Recently, concerned about recent significant advances in voice cloning, my wife talked with her dad about how good AI had become in impersonating voices and to not take any action based on call asking for help without first calling another family member. I pointed out that his grandson (our nephew), for example, would likely call his parents first, or friend, before bothering his grand parents.

    One idea for a mystery or thriller is to use voice cloning to threaten or provoke someone. I could see it being used to frame someone—it probably won’t pass police analysis, but if you wanted to finger someone for a hit on a rival gang or criminal organization, that might be an effective way to do it. Scary thought.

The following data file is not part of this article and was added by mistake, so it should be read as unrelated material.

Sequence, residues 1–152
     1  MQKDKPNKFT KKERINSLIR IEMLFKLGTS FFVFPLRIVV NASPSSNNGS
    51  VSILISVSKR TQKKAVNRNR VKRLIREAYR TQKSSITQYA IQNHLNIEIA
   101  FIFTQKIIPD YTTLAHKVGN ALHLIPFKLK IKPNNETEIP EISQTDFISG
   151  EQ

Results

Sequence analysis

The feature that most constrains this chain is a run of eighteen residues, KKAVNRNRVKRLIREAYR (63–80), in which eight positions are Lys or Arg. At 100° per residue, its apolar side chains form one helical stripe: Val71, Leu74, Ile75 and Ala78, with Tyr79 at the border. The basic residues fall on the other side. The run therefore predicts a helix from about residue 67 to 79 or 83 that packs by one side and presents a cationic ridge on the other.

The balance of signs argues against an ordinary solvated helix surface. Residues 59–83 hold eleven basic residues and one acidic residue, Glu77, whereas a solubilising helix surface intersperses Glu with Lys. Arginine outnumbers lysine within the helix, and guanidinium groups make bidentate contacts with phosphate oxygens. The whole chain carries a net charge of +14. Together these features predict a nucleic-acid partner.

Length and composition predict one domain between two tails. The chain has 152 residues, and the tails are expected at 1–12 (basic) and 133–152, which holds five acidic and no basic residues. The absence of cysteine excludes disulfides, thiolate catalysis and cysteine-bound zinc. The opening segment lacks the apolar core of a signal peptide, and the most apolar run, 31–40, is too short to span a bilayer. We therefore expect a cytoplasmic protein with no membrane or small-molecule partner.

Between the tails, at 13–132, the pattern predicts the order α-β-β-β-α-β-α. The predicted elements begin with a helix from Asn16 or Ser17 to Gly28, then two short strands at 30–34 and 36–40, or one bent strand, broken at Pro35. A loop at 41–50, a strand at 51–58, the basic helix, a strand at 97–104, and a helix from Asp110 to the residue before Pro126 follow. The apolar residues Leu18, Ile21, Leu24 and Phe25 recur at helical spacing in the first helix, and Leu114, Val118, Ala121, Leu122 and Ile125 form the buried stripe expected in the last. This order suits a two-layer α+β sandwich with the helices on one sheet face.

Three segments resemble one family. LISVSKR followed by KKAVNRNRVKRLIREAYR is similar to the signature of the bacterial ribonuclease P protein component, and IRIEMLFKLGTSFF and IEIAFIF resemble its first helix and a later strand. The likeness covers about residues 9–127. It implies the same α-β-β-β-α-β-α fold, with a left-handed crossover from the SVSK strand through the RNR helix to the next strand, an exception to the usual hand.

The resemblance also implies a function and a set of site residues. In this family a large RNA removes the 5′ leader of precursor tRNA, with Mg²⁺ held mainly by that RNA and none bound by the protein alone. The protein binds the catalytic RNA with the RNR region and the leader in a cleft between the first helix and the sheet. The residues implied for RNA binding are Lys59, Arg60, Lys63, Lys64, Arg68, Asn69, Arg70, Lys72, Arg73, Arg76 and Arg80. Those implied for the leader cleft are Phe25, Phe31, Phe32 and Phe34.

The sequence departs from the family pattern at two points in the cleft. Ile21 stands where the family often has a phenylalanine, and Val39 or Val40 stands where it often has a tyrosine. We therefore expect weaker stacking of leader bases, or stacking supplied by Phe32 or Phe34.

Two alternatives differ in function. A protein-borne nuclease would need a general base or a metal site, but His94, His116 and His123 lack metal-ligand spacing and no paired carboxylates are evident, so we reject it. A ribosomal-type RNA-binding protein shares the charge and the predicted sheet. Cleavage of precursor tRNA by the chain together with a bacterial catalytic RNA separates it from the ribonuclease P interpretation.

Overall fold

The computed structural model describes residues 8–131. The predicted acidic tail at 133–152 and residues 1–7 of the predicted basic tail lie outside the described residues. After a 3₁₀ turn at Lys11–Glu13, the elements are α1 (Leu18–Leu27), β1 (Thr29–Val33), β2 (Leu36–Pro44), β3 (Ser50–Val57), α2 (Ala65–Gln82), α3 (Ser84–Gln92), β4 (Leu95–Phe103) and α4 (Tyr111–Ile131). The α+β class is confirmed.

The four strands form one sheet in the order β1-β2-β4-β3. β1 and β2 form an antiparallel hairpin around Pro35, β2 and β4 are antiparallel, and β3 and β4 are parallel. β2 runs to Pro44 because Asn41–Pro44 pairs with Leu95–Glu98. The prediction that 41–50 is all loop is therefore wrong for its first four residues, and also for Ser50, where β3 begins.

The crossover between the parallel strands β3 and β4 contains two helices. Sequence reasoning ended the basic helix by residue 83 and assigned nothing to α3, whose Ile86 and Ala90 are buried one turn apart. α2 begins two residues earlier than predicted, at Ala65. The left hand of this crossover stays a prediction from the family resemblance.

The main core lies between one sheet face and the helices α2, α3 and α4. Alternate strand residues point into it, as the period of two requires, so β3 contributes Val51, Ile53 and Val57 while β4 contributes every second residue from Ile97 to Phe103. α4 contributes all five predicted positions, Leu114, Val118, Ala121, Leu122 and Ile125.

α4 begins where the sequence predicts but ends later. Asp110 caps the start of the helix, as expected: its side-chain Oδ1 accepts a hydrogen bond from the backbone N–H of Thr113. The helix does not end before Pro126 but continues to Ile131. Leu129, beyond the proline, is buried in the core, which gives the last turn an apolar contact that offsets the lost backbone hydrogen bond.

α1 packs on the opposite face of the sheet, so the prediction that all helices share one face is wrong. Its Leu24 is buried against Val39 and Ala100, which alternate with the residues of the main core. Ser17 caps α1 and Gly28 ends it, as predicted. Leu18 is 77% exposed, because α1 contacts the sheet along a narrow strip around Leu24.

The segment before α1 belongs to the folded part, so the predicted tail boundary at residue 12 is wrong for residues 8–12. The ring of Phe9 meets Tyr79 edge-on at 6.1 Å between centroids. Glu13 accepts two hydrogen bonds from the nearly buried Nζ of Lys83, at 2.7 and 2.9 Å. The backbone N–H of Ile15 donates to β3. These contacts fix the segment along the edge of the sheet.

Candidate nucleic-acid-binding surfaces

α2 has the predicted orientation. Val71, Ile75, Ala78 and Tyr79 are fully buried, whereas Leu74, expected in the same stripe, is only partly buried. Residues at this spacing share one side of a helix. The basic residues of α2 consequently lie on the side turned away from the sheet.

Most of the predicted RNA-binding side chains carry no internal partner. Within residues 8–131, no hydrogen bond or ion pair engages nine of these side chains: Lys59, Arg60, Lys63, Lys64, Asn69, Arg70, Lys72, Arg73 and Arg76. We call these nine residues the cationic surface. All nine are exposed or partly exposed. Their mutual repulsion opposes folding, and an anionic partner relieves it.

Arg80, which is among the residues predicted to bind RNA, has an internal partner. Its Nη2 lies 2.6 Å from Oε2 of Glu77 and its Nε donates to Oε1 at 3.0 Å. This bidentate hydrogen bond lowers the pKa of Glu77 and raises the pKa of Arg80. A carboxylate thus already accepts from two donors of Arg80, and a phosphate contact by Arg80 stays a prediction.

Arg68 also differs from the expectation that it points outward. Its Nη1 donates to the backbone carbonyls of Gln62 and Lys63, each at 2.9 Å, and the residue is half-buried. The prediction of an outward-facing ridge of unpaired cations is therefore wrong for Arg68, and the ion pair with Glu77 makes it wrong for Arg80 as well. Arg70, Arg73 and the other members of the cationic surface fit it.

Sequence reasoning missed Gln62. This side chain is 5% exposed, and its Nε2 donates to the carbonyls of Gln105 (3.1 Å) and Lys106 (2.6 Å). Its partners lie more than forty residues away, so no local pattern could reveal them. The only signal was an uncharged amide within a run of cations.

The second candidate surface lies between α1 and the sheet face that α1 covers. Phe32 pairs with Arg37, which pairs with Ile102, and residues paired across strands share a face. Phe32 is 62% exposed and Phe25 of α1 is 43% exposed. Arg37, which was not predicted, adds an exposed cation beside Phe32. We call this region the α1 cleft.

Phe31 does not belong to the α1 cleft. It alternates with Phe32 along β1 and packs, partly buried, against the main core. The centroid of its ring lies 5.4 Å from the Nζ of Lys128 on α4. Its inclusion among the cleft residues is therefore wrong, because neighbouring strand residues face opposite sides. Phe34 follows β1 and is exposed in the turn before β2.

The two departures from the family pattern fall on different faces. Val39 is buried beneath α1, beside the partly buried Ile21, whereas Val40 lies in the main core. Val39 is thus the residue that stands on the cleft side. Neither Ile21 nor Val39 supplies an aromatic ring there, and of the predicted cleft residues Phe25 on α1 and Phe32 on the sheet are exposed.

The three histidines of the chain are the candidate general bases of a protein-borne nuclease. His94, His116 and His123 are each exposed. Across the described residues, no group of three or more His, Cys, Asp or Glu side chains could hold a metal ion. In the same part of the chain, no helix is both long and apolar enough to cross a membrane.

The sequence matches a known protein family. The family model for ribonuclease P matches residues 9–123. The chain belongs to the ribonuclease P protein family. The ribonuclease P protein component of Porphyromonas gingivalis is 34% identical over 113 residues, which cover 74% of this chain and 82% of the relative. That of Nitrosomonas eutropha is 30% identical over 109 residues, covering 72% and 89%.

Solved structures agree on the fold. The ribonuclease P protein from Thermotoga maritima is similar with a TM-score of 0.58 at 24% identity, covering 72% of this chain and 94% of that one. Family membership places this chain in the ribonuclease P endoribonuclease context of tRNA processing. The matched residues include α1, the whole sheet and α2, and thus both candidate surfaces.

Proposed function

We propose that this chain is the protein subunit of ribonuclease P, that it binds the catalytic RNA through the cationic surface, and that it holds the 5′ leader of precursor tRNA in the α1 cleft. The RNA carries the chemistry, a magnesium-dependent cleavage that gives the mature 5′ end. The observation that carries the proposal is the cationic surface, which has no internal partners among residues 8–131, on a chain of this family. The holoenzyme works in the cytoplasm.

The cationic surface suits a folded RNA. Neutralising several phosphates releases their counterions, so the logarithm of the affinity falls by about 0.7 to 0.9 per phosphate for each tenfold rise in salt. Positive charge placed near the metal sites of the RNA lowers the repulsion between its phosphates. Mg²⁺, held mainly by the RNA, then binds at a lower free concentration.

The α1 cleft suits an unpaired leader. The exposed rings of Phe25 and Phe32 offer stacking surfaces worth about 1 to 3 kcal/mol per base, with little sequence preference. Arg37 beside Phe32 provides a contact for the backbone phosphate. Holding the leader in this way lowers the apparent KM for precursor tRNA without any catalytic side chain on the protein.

7. “Believe half of what you see and none of what you hear.” Now we can’t believe what we hear *or* what we see.

    We have friends who moved to the U.S. about twenty years ago. They’re both physicians and very intelligent, but they were victims of a phone scam. Someone called pretending to be a member of the FBI or the IRS (can’t remember which) and told our friends there was some problem that needed to be corrected. The scammers got all the info they needed to essentially steal our friends’ ID’s and get their tax refund.

    If they ever catch any of these people, I envision a special cell in a jail where the sound of phone scammers is piped in all day and night.

  8. All that energy and brain power put into something illegal…too bad they don’t use it for good…

    BTW I’m very upset with you… I started DeepFake Double Down last night when I couldn’t go to sleep, thinking I’d shut my brain down. I finished it at 3:15 this of the best books I’ve read this year. Going as soon as I get my second cup of coffee to leave a review.